It's time to check under the bed and dust off your degree in cryptozoology, because this was one Monster of an episode!
Flight of the Mothman
In Point Pleasant, West Virginia, locals report a hulking, winged beast with glowing red eyes called "The Mothman." This beast is known to terrorize a wooded road popular among teenagers looking to steal kisses in the dark. The Mothman wasn't an entirely unwelcome presence in Point Pleasant until sightings began to coincide with unfortunate and even deadly events. Almost overnight, this tall tale of a tourist attraction became taboo, and there are people who, to this day, will not so much as mention the Mothman.
Real-life Monster hunter Ker Gerhard believes the Mothman to be an accumulation of negative energy given form. However, Gerhard's attempts to lure the beast out of the shadows using the recorded cries of injured forest animals have largely failed. While Gerhard maintains his conviction that the Mothman is a very real, others have aligned descriptions of the beast with something a bit more mundane. Paranormal Investigator Joe Nickel has concluded that the Mothman is little more than the local Bard Owl, a large, nocturnal bird with the characteristic glowing red eyes that are consistent among all Mothman sightings. The Mothman may be little more than a trick of the mind, or a shadow in the woods, but no matter what the creature may be, he's certainly made a lasting impression on this small town.
Huge, unidentifiable organic masses have been washing up on beaches across the globe puzzling scientists and monster hunters alike. Dubbed "Globsters", these fleshy, sinewy denizens of the deep have been so difficult to identify due to the lack of both cartilage and bone - a necessary structural element in almost all animal life on the planet, and certainly all life that could hope to achieve the size of these so-called Globsters.
Mathew Wedel, a professor of anatomy, believes that collagen is the missing link in the mystery of the Globster. While we may be most familiar with collagen as an additive to some of our favorite celebrities' faces, it is in fact a powerful biological substance with a tensile strength comparable to that of steel. In humans, collagen helps support the ankle, but is otherwise sparse within the body. Whales, however, are almost completely coated in a layer of sturdy collagen underneath their skin, accounting for their ability to dive to depths beyond the capabilities of even a submarine. Since collagen is such tough stuff, when a whale dies it can take years for the carcass to rot. Scavengers will gnaw through the gristle allowing the bones and innards to sink to the ocean floor leaving behind a 100 foot long tube of skin to be buffeted and misshapen by the tide and eventually deposited onto a distant shore as a Globster.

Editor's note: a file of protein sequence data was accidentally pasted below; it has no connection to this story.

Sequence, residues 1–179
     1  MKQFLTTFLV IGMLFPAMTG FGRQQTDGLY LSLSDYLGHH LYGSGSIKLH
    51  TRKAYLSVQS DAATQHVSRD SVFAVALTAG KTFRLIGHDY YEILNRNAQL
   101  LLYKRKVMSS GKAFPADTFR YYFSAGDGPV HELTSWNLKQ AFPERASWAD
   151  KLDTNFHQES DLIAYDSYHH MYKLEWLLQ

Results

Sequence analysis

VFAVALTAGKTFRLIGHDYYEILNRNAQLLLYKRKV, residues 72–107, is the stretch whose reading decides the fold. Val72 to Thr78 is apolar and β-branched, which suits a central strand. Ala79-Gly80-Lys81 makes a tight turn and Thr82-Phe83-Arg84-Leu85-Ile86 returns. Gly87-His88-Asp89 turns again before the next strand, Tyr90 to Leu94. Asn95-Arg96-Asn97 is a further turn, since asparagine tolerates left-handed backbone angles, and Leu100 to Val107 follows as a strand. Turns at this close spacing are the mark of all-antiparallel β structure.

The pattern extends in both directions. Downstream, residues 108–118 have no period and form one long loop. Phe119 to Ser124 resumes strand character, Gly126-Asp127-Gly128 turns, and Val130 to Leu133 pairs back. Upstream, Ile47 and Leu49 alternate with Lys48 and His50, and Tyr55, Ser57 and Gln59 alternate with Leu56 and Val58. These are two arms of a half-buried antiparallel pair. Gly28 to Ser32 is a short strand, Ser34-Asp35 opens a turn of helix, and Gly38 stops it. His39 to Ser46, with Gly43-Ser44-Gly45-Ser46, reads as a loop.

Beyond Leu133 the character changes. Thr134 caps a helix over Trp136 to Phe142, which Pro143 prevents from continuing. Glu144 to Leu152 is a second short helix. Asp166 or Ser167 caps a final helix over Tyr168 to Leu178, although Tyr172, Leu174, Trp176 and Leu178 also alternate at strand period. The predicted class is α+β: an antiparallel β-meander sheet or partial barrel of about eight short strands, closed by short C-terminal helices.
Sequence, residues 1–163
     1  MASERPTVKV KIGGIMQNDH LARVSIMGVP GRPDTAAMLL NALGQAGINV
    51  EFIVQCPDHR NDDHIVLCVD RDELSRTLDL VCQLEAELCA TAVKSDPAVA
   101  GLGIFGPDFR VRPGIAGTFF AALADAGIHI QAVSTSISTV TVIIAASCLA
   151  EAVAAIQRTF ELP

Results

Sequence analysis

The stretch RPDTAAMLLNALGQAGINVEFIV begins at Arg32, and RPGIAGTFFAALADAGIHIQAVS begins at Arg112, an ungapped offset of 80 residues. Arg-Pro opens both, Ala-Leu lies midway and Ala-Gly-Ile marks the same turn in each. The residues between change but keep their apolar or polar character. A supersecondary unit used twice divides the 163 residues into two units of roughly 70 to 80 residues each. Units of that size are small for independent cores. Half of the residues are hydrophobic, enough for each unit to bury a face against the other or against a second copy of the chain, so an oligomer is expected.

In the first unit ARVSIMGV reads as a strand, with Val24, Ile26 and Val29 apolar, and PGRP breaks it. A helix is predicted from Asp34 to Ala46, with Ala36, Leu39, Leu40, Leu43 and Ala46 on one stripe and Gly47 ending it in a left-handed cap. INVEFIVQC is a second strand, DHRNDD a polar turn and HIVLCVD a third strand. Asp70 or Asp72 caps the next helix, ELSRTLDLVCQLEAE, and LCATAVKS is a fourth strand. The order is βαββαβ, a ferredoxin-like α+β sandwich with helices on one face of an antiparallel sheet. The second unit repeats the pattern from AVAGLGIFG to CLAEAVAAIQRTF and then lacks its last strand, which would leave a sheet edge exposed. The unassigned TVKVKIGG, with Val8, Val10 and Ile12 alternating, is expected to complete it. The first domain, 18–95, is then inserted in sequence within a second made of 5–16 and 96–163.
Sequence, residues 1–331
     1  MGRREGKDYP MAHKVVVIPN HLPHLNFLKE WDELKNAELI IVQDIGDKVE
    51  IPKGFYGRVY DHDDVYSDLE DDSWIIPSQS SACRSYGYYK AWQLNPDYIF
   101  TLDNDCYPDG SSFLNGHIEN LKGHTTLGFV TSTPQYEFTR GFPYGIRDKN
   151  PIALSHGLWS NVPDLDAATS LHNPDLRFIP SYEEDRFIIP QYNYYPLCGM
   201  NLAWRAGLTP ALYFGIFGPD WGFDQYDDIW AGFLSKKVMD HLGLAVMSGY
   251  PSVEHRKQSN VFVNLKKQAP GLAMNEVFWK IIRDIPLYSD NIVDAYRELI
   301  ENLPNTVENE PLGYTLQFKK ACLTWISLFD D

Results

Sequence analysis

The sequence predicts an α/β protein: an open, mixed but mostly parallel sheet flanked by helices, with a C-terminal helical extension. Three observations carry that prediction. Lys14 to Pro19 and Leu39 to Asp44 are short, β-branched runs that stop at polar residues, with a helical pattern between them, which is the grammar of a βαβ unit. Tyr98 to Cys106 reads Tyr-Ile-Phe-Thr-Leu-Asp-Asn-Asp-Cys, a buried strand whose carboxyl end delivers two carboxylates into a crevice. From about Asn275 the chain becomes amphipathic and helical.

During a particularly nasty heat wave in New Delhi, reports began to flood local emergency rooms as upwards of 800 patients attributed their various slashes and gashes to a rampaging "Monkey Man." Though some theorized that the creature may have been a Hindu Avatar, theologians strongly contest this claim as Avatars, thought potentially beastly in appearance, are traditionally beneficent beings.
Instead, cryptozoologists like Scott Marlowe turn to recently declassified Soviet documents describing genetic experiments performed on apes in hopes of breeding hybrid super-soldiers. Believing that such abominations would make a perfect tool for Indian guerilla warfare against longtime rival, Pakistan, Marlowe is convinced that the Monkey Man is a lab rat run amok. And while all of that may seem a world away from the safety of your screen, beware! Because Marlowe seems to be pretty sure that similar experiments are being conducted on American soil as you read these very words. Now that's Weird or what!
Check out the pilot episode for My Big Fat Geek Wedding. Part of Syfy Firsts.